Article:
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Isolated Aniridia

Aniridia is a rare ocular condition most often caused by a mutation in the PAX6 gene located on the short arm of chromosome 11.


  • Iris: Abnormalities of the iris range from mild hypoplasia to almost complete absence [1]. In the most severe cases, the iris may be reduced to a small portion of residual tissue found only on ultrasound biomicroscopy or gonioscopy [2][4]. The mildest phenotypes may show a normal pupil size with the iris present but abnormal [2] [4]. There may also be loss of the surface architecture [1] [13]. Other changes in the iris can include iris ectropion, colobomatous lesions, and eccentric pupil [14] [15].
  • Lens: Cataracts are present in 50-85% of cases [2] and frequently occur at a young age [16][3]. Lens dislocations infrequently occur [1]. Opacities can be due to the persistence of the pupillary membrane or remnant foetal vascularization within the anterior lens capsule [2].
  • CorneaApproximately 20% of patients have keratopathy associated with aniridia [17]. Keratopathic changes begin with peripheral vascularization and thickening that gradually spreads to involve the whole of the cornea [3] [18] and resulting in corneal ulceration, subepithelial fibrosis and erosions [4].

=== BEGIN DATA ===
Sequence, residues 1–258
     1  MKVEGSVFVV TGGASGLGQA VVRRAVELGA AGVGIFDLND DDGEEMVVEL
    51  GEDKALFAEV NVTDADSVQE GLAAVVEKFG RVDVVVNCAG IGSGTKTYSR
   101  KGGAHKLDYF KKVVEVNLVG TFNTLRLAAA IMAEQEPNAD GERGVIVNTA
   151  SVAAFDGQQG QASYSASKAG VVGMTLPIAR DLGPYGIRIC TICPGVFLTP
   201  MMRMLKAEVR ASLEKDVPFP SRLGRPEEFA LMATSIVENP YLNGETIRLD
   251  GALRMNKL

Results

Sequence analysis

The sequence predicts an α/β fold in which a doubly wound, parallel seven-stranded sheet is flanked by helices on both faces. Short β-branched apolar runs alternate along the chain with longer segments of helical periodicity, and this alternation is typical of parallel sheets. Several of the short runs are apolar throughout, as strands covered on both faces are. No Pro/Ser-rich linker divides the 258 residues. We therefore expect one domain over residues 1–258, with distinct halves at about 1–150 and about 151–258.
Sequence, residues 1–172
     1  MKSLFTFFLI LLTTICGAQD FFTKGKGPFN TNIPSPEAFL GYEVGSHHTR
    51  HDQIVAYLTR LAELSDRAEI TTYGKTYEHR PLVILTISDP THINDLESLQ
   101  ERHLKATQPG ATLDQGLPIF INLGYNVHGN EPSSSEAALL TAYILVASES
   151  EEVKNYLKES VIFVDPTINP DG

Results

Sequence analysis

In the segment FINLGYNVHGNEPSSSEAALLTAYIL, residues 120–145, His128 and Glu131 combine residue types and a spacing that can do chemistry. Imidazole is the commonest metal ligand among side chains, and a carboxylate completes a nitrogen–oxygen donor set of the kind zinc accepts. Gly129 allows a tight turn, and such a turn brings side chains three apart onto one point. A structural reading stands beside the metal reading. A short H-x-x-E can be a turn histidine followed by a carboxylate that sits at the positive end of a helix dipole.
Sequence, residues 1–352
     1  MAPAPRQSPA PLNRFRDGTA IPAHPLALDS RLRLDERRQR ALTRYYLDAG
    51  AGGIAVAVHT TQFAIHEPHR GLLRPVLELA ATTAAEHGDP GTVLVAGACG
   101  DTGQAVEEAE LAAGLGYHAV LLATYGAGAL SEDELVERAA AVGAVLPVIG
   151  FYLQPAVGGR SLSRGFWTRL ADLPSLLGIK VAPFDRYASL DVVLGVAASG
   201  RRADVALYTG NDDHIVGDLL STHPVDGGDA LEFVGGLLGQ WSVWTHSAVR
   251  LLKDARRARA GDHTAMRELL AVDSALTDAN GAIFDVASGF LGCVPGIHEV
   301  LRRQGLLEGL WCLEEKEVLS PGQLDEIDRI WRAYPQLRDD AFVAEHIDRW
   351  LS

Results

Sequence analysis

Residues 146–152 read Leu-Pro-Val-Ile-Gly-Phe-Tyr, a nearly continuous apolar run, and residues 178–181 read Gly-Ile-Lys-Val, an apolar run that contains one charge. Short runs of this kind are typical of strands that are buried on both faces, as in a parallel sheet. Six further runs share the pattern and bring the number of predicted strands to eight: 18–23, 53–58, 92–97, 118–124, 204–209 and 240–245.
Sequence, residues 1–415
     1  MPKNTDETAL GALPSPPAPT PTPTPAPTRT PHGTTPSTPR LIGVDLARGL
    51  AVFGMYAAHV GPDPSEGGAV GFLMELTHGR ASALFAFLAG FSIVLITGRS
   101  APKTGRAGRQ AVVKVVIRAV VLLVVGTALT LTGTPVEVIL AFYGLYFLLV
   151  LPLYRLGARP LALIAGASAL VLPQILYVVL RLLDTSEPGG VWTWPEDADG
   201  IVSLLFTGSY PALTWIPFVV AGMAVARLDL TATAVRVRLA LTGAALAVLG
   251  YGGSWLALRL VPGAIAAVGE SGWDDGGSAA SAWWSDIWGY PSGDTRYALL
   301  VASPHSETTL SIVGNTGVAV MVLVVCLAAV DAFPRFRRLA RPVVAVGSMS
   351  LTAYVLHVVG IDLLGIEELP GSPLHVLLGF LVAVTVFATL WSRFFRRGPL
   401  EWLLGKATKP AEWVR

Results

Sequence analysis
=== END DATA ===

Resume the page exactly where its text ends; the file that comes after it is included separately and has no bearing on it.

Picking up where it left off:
• Optic nerve and retinaHypoplasia of the optic nerve is reported in up to 10% of cases [5].
  • Glaucoma: The incidence of glaucoma in aniridia is common and ranges from 6-75% [1], with the risk generally accepted as 50% [4]. Congenital glaucoma is rare [19].
  • Strabismus, ptosis and refractive errors: Ptosis is found in up to 10% of cases [2], with strabismus presenting as esotropia also common [18]. Myopia and hypermetropia are not uncommon [1].

Systemic defects

  • Hearing: Difficulties can arise from auditory processing deficits due to abnormal interhemispheric transfer [1].
  • CNS: Olfactory deficits are the most common [20], and abnormalities of the cerebellum, corpus callosum, anterior commissure, olfactory bulb and pineal gland have also been demonstrated [20] [21].
  • WAGR syndrome: This syndrome is the most common of the aniridia syndromes and involves Wilms tumor, genitourinary abnormalities and mental retardation [1] [4].